For me personally, it's a I'll know it when I see it kind of deal, but that might not help people who aren't as knowledgeable in such matters.
Off the top of my head, generally, the more extreme the ideology being celebrated, the more likely it is to be propaganda. When it comes to politics, it's can become a question of how partisan is it. Also, how likely is it that the reader will feel as though they're being sold an ideology, or being preached to by either the characters or the story in general? Who made it, for what purpose, who paid for it?
For instance, I don't think anyone would call Lord of the Rings Christian propaganda, despite it being heavily laden with christian themes and symbology. But I myself only became aware of the links after reading it, despite being extraordinarily familiar with the christian mythos.
Whereas, a Chict tract is a pretty clear example of Christian propaganda.
Those examples are obvious, but you're right, it does become grey with many others.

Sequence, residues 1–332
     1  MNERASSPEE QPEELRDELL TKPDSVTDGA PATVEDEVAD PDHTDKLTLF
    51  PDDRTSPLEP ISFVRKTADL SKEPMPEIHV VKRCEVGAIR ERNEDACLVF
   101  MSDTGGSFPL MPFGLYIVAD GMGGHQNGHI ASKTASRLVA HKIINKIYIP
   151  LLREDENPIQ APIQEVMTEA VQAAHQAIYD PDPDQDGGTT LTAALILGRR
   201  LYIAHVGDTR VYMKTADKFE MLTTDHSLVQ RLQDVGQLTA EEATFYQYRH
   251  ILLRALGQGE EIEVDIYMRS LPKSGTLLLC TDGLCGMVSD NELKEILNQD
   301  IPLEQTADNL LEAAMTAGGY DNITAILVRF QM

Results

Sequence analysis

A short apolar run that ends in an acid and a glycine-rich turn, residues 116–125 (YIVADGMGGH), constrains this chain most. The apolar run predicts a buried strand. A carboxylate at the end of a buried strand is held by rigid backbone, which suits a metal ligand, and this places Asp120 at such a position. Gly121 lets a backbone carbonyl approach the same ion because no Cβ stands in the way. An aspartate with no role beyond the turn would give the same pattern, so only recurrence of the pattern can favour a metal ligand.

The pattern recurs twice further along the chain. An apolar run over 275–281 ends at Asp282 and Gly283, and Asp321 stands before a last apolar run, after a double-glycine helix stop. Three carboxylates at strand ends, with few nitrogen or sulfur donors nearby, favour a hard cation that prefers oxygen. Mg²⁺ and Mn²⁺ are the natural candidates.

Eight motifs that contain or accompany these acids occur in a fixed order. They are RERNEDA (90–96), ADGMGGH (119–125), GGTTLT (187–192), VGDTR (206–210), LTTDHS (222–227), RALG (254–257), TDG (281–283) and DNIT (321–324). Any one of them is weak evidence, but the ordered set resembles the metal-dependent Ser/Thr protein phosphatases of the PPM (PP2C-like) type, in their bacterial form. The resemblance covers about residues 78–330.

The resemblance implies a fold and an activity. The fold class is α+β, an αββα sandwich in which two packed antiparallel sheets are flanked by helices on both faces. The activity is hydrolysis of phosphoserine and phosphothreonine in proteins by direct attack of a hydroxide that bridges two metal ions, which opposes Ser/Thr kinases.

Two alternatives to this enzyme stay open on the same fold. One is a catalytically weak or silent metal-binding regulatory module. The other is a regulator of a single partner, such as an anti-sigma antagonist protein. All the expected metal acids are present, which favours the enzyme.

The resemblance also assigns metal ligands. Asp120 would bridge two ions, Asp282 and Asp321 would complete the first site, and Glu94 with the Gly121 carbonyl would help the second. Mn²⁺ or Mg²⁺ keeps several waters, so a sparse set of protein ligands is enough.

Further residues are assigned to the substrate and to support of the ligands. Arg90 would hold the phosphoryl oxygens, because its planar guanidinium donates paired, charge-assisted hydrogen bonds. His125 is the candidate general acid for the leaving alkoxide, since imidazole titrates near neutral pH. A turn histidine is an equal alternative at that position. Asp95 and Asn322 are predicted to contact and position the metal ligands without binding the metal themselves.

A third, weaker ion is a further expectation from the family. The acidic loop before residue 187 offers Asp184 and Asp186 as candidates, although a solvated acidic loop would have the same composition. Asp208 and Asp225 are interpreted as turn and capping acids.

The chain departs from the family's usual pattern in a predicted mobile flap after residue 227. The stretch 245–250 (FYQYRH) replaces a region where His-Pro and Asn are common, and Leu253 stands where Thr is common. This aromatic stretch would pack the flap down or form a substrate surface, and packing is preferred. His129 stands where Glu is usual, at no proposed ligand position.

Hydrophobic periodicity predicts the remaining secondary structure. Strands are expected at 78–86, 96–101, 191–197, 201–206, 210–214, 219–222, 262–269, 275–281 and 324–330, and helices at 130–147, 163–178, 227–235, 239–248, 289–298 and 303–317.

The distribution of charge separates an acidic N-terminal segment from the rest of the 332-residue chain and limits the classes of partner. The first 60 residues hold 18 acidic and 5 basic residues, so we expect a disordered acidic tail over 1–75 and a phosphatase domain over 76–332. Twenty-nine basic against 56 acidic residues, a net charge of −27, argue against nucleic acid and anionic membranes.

A lot of comics these days will have characters that inexplicably go on rants about whatever social or political topic, which to my mind weaves into the realm of propaganda because it's often out of character, or at least devoid of the character's voice, and has clearly been inserted by the author for the sole purpose of using their platform to propagate their specific worldview (at the expense of the story's honesty and continuity.) To my mind, this is especially off putting when the author draws you in with a good hook, plot and characters, only to later throw that all away to sell you on the moral superiority of their worldview.